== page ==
Nash denies Key's claim he criticised Cunliffe

By Simon Hendery -
44 comments
Napier Labour candidate Stuart Nash says he wasn't the source making critical claims against Labour leader David Cunliffe.
Napier Labour candidate Stuart Nash says he wasn't the source making critical claims against Labour leader David Cunliffe.

Prime Minister John Key has accused Napier Labour candidate Stuart Nash of being a party source quoted in a newspaper article making highly critical comments about Labour leader David Cunliffe.

Mr Nash denies the claim, made by Mr Key in Parliament yesterday.

The Sunday Star-Times article quoted a "senior party insider" expressing outrage at Mr Cunliffe's decision to take a skiing holiday last week while MPs and party supporters were working hard in the lead-up to September's election.

"A lot of MPs are really f***** off about it," the article quoted the source as saying.

"They are all working hard up and down the country, and f****** Cunliffe is on holiday."

During question time in Parliament yesterday, Mr Cunliffe grilled Mr Key about his party's record on regional development.

During his response, Mr Key said he believed the regional New Zealand economy was doing well.

"I do know of cases where unemployment might rise in the regions and they're in Northland and Napier," he said.

"And the reason I know that is that they're the place where Labour candidates have been talking to the Sunday Star-Times about leader David Cunliffe."

Labour's Te Tai Tokerau candidate and serving list MP Kelvin Davis, who recently broke ranks with Labour to support the Puhoi to Wellsford motorway extension, categorically denied the claim he was one of the sources.

Mr Nash said he had been aware there was a rumour circulating that he was the source of the story.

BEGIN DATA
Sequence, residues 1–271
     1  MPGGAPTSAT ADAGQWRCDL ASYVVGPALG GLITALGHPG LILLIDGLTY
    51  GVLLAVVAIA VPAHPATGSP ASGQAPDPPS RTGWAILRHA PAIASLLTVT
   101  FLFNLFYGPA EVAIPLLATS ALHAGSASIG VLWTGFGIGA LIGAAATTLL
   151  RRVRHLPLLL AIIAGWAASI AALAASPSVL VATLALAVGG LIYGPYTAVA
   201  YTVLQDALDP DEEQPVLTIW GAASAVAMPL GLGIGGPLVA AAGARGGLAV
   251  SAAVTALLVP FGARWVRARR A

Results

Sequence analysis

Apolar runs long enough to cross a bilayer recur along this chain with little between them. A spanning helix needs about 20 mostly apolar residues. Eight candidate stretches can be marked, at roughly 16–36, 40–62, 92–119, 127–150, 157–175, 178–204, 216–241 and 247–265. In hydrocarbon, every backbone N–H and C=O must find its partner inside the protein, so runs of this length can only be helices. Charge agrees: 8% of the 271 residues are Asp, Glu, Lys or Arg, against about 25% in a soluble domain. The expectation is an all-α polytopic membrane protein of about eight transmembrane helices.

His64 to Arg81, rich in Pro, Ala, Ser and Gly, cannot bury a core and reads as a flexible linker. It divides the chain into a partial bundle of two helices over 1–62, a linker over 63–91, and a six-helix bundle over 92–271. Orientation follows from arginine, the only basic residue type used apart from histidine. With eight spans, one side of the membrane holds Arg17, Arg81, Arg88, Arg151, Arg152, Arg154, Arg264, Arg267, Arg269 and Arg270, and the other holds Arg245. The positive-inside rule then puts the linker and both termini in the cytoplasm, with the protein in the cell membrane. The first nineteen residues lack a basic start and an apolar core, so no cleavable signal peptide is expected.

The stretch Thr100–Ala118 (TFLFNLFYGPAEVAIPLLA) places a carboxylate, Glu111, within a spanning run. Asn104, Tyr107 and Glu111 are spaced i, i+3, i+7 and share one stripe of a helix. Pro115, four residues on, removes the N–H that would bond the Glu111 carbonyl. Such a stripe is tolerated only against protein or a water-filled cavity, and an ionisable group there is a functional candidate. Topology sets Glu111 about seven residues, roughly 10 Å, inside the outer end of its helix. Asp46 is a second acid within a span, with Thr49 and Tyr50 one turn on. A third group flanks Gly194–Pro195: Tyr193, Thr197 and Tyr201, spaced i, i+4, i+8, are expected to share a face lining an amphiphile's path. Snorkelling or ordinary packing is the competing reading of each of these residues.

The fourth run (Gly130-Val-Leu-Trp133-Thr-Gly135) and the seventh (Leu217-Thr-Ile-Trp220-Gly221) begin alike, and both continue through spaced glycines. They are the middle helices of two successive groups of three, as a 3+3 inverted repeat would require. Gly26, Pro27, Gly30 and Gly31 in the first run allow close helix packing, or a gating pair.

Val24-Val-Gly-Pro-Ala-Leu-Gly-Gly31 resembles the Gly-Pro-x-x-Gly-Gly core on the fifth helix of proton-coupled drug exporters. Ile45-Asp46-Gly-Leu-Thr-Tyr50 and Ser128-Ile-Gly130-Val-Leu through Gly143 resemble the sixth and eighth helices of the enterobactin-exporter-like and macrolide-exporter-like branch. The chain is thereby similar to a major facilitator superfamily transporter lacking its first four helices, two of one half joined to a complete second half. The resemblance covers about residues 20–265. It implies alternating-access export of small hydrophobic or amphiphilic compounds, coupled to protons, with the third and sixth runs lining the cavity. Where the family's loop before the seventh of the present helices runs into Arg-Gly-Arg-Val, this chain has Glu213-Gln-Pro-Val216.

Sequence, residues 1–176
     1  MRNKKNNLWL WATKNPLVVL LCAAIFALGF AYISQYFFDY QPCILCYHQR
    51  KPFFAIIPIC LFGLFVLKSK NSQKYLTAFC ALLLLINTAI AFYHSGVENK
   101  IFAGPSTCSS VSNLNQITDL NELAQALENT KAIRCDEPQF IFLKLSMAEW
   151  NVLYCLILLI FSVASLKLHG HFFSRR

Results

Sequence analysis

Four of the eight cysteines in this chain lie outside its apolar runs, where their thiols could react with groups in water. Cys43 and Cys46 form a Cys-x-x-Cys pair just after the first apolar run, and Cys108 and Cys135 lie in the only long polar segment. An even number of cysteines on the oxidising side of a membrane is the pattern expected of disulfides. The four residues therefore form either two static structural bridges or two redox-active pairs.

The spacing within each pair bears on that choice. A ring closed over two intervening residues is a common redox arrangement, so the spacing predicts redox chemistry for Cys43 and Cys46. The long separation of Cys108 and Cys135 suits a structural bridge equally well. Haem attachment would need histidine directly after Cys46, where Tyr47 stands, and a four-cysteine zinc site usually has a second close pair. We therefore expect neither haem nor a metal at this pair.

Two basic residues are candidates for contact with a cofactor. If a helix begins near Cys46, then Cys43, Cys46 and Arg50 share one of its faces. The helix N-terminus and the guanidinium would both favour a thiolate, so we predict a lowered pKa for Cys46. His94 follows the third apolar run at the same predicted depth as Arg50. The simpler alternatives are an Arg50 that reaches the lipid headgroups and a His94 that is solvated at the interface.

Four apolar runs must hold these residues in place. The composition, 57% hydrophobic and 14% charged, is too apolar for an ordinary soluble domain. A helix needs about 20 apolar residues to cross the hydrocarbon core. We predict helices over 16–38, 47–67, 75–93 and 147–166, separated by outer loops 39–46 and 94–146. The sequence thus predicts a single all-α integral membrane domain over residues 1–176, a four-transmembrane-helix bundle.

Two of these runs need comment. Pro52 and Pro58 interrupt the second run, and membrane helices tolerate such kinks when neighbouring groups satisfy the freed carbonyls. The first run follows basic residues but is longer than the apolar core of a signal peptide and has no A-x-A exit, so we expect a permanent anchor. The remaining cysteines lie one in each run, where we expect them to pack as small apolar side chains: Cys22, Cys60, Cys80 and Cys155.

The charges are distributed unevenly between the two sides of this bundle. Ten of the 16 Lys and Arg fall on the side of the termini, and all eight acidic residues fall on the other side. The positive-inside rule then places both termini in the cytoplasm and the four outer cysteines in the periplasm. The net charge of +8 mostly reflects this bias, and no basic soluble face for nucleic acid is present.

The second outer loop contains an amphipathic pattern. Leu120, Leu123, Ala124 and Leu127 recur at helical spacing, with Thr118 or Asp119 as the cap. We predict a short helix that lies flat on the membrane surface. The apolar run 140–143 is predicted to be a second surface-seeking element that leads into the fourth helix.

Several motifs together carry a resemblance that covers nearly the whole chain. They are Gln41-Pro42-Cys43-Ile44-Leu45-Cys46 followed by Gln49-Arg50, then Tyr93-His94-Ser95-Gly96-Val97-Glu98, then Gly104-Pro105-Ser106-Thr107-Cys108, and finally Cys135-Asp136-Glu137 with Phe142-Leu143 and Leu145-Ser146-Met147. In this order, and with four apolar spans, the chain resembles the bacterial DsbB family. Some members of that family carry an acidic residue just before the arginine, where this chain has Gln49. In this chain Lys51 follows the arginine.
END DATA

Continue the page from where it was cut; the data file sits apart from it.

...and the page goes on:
"I must admit when I read it [the newspaper article quoting the party source], apart from the swearing, it sounds a little bit like me."

However, he said he was not the source and the comments could have come from "any of the 15,000 members who were out putting up hoardings in the rain or delivering pamphlets in the cold or this sort of carry-on".

"I have been accused by a lot of people. I told them it wasn't me. I've got a right royal battle on my hands in Napier. My focus is on that."

He said the article was "a non-story" but the National Party "will milk it for a little while and then it will be another issue".

National's Napier candidate, Wayne Walford, could not be reached for comment but National Tukituki MP and Cabinet minister Craig Foss said the controversy reflected a lack of consistency he had picked up on between Labour's official policy positions and "what's being said in the Bay" by the candidates.

"Labour have got their own challenges at the moment.

"We're seeing, particularly in Hawke's Bay, it looks very much like what happened to us in 2002 [when National's vote dropped significantly in the election].

"Candidates are just running their own individual campaigns, trying to win their electorates, forgetting that it is the party vote that decides the Government," Mr Foss said.

Mr Cunliffe said yesterday he believed he knew who it was and was certain it was not a current MP, despite the person being quoted as if they were in caucus.

He refused to comment further when asked if he had contacted the person, saying it was between them.

Asked if the criticism was justified, he said that, had he known how bad the polls were at the time, he would not have gone on holiday, or at least would have taken a shorter break.

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